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The opportunistic pathogen Pseudomonas aeruginosa causes a variety of acute and chronic infections. We identified a gene whose inactivation results in attenuation of virulence due to premature activation of genes involved in biofilm formation and coordinate repression of genes required for initial colonization. This gene, retS, encodes a hybrid sensor(More)
Biofilm formation by the opportunistic pathogen Pseudomonas aeruginosa requires the expression of a number of surface adhesive components. The expression of surface organelles facilitating biofilm formation is controlled by environmental signals acting through transcriptional regulatory networks. We analysed the expression of a family of P. aeruginosa(More)
In addition to causing diarrhea, Escherichia coli O157:H7 infection can lead to hemolytic-uremic syndrome (HUS), a severe disease characterized by hemolysis and renal failure. Differences in HUS frequency among E. coli O157:H7 outbreaks have been noted, but our understanding of bacterial factors that promote HUS is incomplete. In 2006, in an outbreak of E.(More)
The bacterial second messenger cyclic diguanosine monophosphate (c-di-GMP) regulates cellular motility and the synthesis of organelles and molecules that promote adhesion to a variety of biological and nonbiological surfaces. These properties likely require tight spatial and temporal regulation of c-di-GMP concentration. We have developed genetically(More)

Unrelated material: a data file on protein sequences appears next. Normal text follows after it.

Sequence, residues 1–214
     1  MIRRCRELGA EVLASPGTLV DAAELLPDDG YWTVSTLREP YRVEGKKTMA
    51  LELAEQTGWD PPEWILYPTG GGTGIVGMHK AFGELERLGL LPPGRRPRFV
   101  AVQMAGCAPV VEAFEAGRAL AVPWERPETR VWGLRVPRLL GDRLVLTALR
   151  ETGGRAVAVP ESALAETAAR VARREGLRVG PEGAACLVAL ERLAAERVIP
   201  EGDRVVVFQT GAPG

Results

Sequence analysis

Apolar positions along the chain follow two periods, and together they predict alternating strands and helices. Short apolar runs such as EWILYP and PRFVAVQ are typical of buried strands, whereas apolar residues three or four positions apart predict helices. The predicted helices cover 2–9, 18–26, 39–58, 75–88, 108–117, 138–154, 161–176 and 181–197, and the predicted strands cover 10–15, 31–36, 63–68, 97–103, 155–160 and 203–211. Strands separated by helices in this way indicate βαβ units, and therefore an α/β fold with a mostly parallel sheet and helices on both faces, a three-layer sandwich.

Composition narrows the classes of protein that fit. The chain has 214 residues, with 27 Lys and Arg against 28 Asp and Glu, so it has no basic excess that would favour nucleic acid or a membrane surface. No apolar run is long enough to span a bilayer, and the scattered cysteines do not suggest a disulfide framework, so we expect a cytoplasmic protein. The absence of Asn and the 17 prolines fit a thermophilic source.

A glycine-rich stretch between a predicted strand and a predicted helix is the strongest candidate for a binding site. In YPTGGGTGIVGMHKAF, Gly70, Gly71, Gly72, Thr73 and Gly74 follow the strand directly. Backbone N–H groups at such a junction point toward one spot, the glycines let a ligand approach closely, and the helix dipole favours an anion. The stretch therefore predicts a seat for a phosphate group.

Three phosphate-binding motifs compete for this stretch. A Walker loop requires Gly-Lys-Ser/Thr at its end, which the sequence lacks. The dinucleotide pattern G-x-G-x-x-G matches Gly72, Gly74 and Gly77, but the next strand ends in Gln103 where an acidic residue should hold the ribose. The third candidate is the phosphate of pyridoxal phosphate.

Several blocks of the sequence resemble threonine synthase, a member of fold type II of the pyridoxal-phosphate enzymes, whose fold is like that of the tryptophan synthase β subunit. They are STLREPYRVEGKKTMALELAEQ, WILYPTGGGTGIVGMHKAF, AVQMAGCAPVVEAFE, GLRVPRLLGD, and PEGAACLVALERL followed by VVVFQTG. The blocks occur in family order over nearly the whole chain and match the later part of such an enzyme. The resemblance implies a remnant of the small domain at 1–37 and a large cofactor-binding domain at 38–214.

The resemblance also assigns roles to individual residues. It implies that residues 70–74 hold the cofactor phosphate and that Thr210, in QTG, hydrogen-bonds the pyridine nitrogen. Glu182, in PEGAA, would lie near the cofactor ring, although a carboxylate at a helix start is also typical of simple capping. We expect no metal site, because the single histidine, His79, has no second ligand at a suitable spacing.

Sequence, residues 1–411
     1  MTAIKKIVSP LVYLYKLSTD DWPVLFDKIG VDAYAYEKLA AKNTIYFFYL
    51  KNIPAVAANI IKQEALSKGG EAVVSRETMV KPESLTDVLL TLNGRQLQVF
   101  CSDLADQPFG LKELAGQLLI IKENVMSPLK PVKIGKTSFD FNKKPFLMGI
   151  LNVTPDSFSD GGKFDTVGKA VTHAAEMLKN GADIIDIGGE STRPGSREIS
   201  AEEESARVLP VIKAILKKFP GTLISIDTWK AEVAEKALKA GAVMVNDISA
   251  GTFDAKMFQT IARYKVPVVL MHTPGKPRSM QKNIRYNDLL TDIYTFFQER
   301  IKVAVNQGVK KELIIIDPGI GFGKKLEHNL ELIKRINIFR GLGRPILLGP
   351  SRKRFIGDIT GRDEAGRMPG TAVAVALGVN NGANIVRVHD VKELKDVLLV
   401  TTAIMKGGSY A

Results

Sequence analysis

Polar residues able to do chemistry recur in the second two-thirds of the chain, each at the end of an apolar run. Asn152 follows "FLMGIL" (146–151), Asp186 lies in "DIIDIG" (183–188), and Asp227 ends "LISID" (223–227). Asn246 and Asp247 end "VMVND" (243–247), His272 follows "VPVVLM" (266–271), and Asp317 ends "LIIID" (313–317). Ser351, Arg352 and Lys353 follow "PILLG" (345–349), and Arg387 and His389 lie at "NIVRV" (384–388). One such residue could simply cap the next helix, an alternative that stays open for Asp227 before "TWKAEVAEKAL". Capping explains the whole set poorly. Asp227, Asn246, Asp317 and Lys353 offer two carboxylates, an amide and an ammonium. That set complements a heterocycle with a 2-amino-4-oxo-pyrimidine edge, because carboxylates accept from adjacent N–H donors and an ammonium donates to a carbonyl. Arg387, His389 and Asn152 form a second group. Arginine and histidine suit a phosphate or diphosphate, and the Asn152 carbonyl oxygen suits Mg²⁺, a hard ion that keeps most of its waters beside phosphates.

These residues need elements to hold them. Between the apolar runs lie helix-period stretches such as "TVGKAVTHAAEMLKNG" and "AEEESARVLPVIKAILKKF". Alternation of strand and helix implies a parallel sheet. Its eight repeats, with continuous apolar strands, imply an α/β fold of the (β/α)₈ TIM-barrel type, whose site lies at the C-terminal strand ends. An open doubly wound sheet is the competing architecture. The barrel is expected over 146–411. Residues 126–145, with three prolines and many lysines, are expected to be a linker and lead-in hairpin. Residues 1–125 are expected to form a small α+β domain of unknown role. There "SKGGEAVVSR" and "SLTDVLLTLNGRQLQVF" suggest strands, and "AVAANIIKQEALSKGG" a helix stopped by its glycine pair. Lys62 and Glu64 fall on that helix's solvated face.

ExoU is a potent Pseudomonas aeruginosa cytotoxin translocated into host cells by the type III secretion system. A comparison of genomes of various P. aeruginosa strains showed that that the ExoU determinant is found in the same polymorphic region of the chromosome near a tRNA(Lys) gene, suggesting that exoU is a horizontally acquired virulence determinant.(More)
Pseudomonas aeruginosa is a ubiquitous environmental bacterium capable of causing a variety of life-threatening human infections. The genetic basis for preferential infection of certain immunocompromised patients or individuals with cystic fibrosis by P. aeruginosa is not understood. To establish whether variation in the genomic repertoire of P. aeruginosa(More)
BACKGROUND Pseudomonas aeruginosa is a key respiratory pathogen in people with cystic fibrosis (CF). Due to its association with lung disease progression, initial detection of P. aeruginosa in CF respiratory cultures usually results in antibiotic treatment with the goal of eradication. Pseudomonas aeruginosa exhibits many different phenotypes in vitro that(More)
The outer membrane (OM) of Gram-negative bacteria is an asymmetric lipid bilayer that serves as a barrier to the environment. During infection, Gram-negative bacteria remodel their OM to promote survival and replication within host tissues. Salmonella rely on the PhoPQ two-component regulators to coordinate OM remodeling in response to environmental cues.(More)
MobilomeFINDER (http://mml.sjtu.edu.cn/MobilomeFINDER) is an interactive online tool that facilitates bacterial genomic island or 'mobile genome' (mobilome) discovery; it integrates the ArrayOme and tRNAcc software packages. ArrayOme utilizes a microarray-derived comparative genomic hybridization input data set to generate 'inferred contigs' produced by(More)
Pregnancy-associated malaria (PAM) is characterized by the placental sequestration of Plasmodium falciparum-infected erythrocytes (IEs) with the ability to bind to chondroitin sulfate A (CSA). VAR2CSA is a leading candidate for a pregnancy malaria vaccine, but its large size ( approximately 350 kDa) and extensive polymorphism may pose a challenge to vaccine(More)